Monday, October 31, 2011

Piero della Francesca

Baptism of Christ
c. 1448-1450
Tempera on panel
168 cm × 116 cm (66 in × 46 in)
National Gallery, London

Piero della Francesca (c. 1415 – 1492) was a painter of the Early Renaissance. His painting was characterized by its serene humanism, its use of geometric forms and perspective (he was renowned in his times as an authority on perspective and geometry).
Piero died on the very day that Christopher Columbus made his first landfall in the Americas.

Baptism of Christ portrays Christ being baptised by John, his head surmounted by a dove representing the Holy Spirit. Christ, John's hand, the bird and the bowl form an axis which divides the painting in two symmetrical parts. A second division is created by the tree on the left, which instead divides it according to the golden ratio.

Sunday, October 30, 2011

Miró, Joan

The Farm (La masia)
oil on canvas
123.8 x 141.3 cm (48 3/4 x 55 5/8 in.)
National Gallery of Art, Washington DC, USA
Gift of Mary Hemingway

Joan Miró i Ferrà (1893 – 1983) was a Spanish Catalan painter, sculptor, and ceramicist born in Barcelona.
Earning international acclaim, Miró expressed contempt for conventional painting methods as a way of supporting bourgeois society, and famously declared an "assassination of painting" in favour of upsetting the visual elements of established painting.

The Farm represents a brilliant amalgamation of an intense, even primitive realism with the formal vocabulary of cubism. Everything is inside and outside at once and superimposed on the primitive meticulousness of a picturesque farm are the devices of the most sophisticated painting of the 20th century.

"Of this great painting (The Farm), it was the summary of one period of my work, but also the point of departure for what was to follow." "Form for me is never something abstract, it is always a token of something. . . . for me, form is never an end in itself." (Miró)

"The Farm is once owned by Ernest Hemingway, and he said "No one could look at it, and not know it had been painted by a great painter."

Saturday, October 29, 2011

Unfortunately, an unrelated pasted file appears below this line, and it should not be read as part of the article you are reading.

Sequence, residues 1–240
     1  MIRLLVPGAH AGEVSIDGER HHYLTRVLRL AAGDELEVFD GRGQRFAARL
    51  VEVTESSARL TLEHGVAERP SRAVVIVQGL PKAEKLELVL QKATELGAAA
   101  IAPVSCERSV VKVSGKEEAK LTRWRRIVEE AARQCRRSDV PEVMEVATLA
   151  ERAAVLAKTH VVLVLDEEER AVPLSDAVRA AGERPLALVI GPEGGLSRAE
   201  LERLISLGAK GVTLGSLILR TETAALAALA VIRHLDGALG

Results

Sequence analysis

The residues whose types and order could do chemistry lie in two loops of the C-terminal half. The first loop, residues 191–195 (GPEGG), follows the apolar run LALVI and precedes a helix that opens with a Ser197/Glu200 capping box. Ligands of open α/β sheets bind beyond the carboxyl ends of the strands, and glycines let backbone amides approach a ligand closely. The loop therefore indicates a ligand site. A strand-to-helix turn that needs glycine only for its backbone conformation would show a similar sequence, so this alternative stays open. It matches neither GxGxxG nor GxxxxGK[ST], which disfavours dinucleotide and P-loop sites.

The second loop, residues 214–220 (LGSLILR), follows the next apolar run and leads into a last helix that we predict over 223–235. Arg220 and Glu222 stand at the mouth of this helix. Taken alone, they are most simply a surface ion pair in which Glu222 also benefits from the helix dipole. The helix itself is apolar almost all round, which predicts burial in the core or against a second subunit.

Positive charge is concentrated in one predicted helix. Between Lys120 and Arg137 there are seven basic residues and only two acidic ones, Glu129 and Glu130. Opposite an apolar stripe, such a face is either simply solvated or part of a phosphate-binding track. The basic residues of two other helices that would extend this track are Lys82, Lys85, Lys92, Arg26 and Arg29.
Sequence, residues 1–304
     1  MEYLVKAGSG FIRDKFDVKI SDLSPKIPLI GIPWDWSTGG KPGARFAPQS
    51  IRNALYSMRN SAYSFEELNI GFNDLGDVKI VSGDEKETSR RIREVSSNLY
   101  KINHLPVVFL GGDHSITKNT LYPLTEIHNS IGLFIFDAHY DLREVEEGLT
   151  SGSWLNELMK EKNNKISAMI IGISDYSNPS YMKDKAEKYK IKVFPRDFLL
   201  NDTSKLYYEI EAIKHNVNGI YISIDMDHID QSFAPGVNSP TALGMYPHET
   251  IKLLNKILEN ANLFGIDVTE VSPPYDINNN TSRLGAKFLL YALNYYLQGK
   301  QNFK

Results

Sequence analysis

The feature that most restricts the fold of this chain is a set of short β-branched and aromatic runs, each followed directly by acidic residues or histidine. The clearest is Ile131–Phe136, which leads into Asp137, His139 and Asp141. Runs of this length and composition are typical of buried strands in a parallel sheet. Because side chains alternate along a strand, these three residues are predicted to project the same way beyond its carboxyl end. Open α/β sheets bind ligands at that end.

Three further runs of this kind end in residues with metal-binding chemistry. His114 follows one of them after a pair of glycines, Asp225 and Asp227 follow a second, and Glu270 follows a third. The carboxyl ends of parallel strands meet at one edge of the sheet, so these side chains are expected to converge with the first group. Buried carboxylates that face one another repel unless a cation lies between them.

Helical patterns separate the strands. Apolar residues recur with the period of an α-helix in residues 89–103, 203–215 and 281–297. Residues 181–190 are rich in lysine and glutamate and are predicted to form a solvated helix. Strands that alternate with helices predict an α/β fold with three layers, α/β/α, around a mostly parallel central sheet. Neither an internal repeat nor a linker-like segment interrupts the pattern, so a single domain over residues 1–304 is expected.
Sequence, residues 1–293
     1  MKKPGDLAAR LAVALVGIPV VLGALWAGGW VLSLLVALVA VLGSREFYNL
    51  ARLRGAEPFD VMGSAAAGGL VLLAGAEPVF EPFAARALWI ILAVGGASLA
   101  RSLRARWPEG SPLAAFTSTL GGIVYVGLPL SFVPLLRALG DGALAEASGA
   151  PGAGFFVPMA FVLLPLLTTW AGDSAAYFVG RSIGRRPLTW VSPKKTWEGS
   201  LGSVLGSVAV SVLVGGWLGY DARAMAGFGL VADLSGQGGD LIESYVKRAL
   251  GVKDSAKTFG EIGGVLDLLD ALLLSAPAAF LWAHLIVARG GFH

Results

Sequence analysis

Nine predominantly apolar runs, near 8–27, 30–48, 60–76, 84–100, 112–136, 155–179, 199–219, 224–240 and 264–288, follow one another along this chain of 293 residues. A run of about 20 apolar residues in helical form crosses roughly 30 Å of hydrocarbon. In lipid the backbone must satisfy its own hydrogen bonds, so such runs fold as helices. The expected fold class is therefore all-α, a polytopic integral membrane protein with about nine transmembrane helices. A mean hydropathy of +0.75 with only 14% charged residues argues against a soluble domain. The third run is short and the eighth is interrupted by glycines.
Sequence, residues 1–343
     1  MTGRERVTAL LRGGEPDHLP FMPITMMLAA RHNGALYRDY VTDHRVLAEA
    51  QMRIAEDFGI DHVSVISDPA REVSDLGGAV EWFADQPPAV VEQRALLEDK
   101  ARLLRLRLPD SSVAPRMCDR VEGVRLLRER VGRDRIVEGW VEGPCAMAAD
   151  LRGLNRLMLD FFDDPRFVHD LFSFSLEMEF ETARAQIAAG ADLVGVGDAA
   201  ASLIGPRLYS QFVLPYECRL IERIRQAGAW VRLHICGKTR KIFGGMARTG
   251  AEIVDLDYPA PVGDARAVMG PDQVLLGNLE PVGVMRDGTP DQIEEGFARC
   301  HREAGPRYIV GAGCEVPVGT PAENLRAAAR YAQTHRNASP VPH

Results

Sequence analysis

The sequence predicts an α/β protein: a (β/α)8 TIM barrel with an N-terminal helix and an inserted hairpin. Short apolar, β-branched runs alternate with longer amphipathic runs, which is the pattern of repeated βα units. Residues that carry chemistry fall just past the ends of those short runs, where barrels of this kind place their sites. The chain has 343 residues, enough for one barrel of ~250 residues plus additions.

Sisley, Alfred

Flood at Port-Marly
Oil on canvas
50 x 61 cm
Musee des Beaux-Arts, Rouen

Alfred Sisley (1839 – 1899) was an Impressionist landscape painter who was born and spent most of his life, in France, but retained British citizenship.
He retained a passionate interest in the sky, which nearly always dominates his paintings, and also in the effects of snow, the two interests often combining to create a strangely dramatic effect. He never deviated into figure painting.
He did not promote himself in the way that some of his fellow Impressionists did, and it was only towards the end of his life, when he was dying of cancer of the throat, that he received something approaching the recognition he deserved.

Port-Marly is a town along the Seine River. Sisley lived and painted there. The subject of flood and people rowing to their houses is unusual. The water breaks the usual relationship with land and flooding around.

Friday, October 28, 2011

Modigliani, Amedeo

Nu couché de dos (Reclining Nude from the Back)
Oil on canvas
64.5 x 99.5 cm (25 3/8 x 39 1/8 in)
Barnes Foundation, Merion, PA

While Amedeo Modigliani (Italian painter and sculptor. 1884 - 1920) usually painted images of family and friends, he used professional models during his “nude phase”, which lasted from 1916 to 1919. This painting is an image of desire and eroticism, emotions that seemed to envelop Modigliani during those brief three years.
“What I am seeking is not the real and not the unreal but rather the unconscious, the mystery of the instinctive in the human race.” (Amedeo Modigliani)

When Modigliani passed away in 1920, his pregnant wife of nearly nine months was emotionally destroyed by his death. Two days after his death, she jumped out of a 5th storey window and killed herself and her unborn child.

Thursday, October 27, 2011

Ingres, Jean Auguste Dominique

The Death of Leonardo Da Vinci (La mort de Leonardo da Vinci)
40 cm x 50.5 cm
Oil on canvas
Paris, Musée du Petit Palais

Jean-Auguste-Dominique Ingres (1780 – 1867) was a French Neoclassical painter.
Francis I of France receiving the last breath of Leonardo da Vinci, by Ingres, 1818.
Leonardo died on 2 May 1519 in Amboise. Leonardo had a paralysis on the right side of his body since 1517.
Francis patronized many of the great artists of his time, including Andrea del Sarto and Leonardo da Vinci; the latter was indeed persuaded to make France his home during his last years. While Leonardo painted very little during his years in France, he brought with him many of his greatest works, including the Mona Lisa (known in France as La Joconde), and these remained in France after his death.

De Las Mercedes, Franck *(USA)

Max Cavalera
Acrylic on paper
8.5" x 11"
FDLM Studio, New York

Franck de Las Mercedes (1972~ ) is a Nicaraguan born painter raised in New York City and has emerged as one of the country's most prolific visual artists in recent years. His art combines expressionism, photography and collage to illustrate the aftermath of emotionally charged experiences and depictions of how he sees the world around him.
His works have been featured on numerous national and international media including, LatiNation, CNN En Español, Selecciones (Reader's Digest), Art Business News, Museum VIEWS, American Style and The Artist's magazine, etc.
"My work is a personal exploration of my psyche and the emotions that emerge in the present, triggered by memory or current experiences. Observing my feelings and body sensations without questioning them or intellectualizing them, allows me to release the strength of those emotions onto the surface."